Comfortable Clothing: Wear comfortable, easy-to-remove clothing. You may be asked to undress from the waist down, so wearing a skirt or loose pants can be convenient.

Relaxation Techniques: Practice relaxation techniques such as deep breathing to help ease anxiety and tension. Relaxing your pelvic muscles can make the exam more comfortable.

Communicate with your Physiotherapist: Inform your pelvic health physiotherapist about any concerns, fears, or past traumatic experiences related to pelvic exams. They can adjust their approach and provide additional support.

Ask Questions: Feel free to ask any questions you may have about the procedure. Knowing what to expect can help alleviate anxiety.

Where can I find a pelvic health physiotherapist in Mississauga?

We have 8 locations with pelvic health physiotherapists to help you.

06 Dec

Triangle Physiotherapy in Mississauga is a full-service clinic that offers specialized services like Pelvic Health Physiotherapy. Our pelvic health physiotherapists are trained professionals who, apart from being experts in their field, are also empathetic individuals who understand the sensitive nature of the conditions that make people seek pelvic health physiotherapy.

Tell me more about your Mississauga Pelvic Health physiotherapists.

Pelvic Health Physiotherapist in Mississauga

Our Mississauga Pelvic Health physiotherapists have training in the field of pelvic health physiotherapy and are committed to providing the best care to the community in Mississauga, be it new moms, women with prolapse or incontinence issues, pessary fittings, labour and delivery support, and more. We also have a pelvic health physiotherapist who is trained to help children. Our pelvic health physiotherapists are also able to help men with their pelvic health issues.

What type of conditions can a pelvic floor physiotherapist treat?

Some of the conditions treated by our Mississauga Pelvic Health physiotherapists are:

  • Incontinence (urinary and fecal) 
  • Pelvic organ prolapse and pessary fittings
  • Constipation
  • Diastasis recti
  • Vaginismus
  • Pelvic pain
  • Pelvic girdle pain during pregnancy and postpartum)
  • Coccydynia (tailbone pain)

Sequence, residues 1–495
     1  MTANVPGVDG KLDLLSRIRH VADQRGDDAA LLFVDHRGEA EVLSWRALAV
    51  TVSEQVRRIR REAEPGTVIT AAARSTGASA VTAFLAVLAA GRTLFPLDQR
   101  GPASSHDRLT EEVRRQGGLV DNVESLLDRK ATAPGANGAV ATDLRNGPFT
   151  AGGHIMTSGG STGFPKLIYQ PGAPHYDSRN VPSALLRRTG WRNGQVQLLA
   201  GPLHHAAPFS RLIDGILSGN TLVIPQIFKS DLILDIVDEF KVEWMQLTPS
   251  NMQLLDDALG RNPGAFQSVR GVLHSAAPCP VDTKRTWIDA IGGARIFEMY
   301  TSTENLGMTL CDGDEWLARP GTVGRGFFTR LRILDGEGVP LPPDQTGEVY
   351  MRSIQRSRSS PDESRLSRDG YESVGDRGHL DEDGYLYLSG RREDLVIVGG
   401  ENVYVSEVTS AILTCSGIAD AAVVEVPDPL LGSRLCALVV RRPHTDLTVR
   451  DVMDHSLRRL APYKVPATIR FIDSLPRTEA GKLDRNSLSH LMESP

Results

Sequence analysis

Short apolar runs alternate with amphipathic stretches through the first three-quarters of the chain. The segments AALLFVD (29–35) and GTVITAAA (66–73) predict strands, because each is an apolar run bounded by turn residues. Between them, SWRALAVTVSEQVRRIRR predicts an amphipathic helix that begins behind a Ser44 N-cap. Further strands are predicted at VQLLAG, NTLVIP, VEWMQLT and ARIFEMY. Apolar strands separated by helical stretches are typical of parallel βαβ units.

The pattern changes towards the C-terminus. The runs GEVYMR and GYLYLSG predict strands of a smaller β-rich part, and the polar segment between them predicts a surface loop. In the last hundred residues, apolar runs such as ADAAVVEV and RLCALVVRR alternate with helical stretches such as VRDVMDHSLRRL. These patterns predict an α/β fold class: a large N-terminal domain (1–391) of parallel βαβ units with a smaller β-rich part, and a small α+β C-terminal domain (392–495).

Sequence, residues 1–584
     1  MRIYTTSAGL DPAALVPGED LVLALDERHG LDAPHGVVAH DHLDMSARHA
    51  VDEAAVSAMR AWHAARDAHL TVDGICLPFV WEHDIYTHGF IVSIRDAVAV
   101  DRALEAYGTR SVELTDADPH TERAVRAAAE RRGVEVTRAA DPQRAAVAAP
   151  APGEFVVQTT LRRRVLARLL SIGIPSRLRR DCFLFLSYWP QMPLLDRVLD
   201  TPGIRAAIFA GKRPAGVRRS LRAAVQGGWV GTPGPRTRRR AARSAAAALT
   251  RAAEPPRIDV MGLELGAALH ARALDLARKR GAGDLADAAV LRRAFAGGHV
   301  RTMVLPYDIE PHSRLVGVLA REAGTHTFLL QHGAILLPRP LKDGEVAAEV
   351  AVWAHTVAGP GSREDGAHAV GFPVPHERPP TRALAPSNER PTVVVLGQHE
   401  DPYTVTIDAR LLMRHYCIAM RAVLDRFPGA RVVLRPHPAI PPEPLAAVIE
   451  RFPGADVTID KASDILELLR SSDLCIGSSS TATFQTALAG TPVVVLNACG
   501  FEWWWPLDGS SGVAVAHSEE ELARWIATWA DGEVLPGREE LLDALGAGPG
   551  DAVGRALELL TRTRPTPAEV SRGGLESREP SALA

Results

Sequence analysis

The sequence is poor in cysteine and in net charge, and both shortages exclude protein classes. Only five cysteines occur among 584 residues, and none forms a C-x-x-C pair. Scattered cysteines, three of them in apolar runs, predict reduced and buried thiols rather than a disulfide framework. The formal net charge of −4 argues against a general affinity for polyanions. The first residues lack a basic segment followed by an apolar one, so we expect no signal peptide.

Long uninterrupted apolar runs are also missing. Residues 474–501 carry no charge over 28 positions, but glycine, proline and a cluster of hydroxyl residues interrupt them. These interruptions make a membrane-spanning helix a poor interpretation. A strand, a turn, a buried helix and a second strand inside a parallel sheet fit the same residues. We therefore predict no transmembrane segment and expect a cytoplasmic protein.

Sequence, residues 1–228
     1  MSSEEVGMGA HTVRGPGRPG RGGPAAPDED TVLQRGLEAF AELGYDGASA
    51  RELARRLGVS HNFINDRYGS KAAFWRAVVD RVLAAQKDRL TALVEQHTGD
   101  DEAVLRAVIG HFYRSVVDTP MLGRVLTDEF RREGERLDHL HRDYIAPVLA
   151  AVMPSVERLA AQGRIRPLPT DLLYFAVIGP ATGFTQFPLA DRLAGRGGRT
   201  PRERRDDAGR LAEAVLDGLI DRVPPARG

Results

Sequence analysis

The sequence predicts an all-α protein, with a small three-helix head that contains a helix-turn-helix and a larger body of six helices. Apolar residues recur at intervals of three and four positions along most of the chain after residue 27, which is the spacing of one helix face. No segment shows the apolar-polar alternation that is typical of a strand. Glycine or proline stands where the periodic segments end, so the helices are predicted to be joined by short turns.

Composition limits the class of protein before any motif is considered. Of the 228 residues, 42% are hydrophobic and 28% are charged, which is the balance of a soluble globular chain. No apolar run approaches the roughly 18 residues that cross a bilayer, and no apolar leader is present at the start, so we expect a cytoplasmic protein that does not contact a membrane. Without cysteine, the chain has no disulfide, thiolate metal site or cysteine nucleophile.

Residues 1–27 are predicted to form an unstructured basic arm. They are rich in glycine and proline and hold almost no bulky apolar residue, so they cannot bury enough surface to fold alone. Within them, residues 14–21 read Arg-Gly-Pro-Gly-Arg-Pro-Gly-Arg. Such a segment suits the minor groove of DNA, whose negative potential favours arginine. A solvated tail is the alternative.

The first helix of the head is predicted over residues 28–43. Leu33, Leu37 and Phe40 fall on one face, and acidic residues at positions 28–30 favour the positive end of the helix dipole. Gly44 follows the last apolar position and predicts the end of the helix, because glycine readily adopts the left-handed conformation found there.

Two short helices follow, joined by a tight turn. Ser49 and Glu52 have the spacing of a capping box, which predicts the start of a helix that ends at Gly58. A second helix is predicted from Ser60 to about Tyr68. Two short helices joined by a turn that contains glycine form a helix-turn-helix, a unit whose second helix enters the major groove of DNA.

• Pudendal neuralgia
  • Interstitial cystitis
  • Female and Male Sexual dysfunction
  • Prostatitis
  • Rectal pain and dysfunction
  • Irritable bowel syndrome
  • Anal incontinence
  • Anal fissures and fistulas
  • Anal neuralgia
  • Rectal prolapse

I just gave birth recently. How soon should I see a pelvic health physiotherapist

The pelvic floor muscles may get stretched or damaged during delivery, whether by C-Section or vaginal. This may cause issues of the pelvic floor that manifest as urinary or fecal incontinence, urinary urgency or frequency, pain during sexual activity, pelvic organ prolapse, pelvic pain, lower back pain, diastasis recti, or scar pain. Many of these issues can be addresed by pelvic health physiotherapy, however, our pelvic physiotherapists in Mississauga recommend waiting at least six weeks after delivery to allow the body time to heal from childbirth.

Can I speak to a pelvic health physiotherapist in Mississauga prior to booking a consultation?

We can certainly connect you with the best pelvic floor physiotherapist in Mississauga that can answer any questions you may have. Click here to book a discovery call.

Where can I find a pelvic health physiotherapist in Mississauga?

We have 8 locations with pelvic health physiotherapists to help you.

30 May

Menopause can be a very overwhelming time for a lot of women. During this period, there are a lot of hormonal changes that can influence the way you feel in your body. Menopause tends to start between the ages of 45 to 55. This can include a range of symptoms such as hot flashes and mood swings to vaginal dryness and changes in pelvic health.

Pelvic Physiotherapist Near Me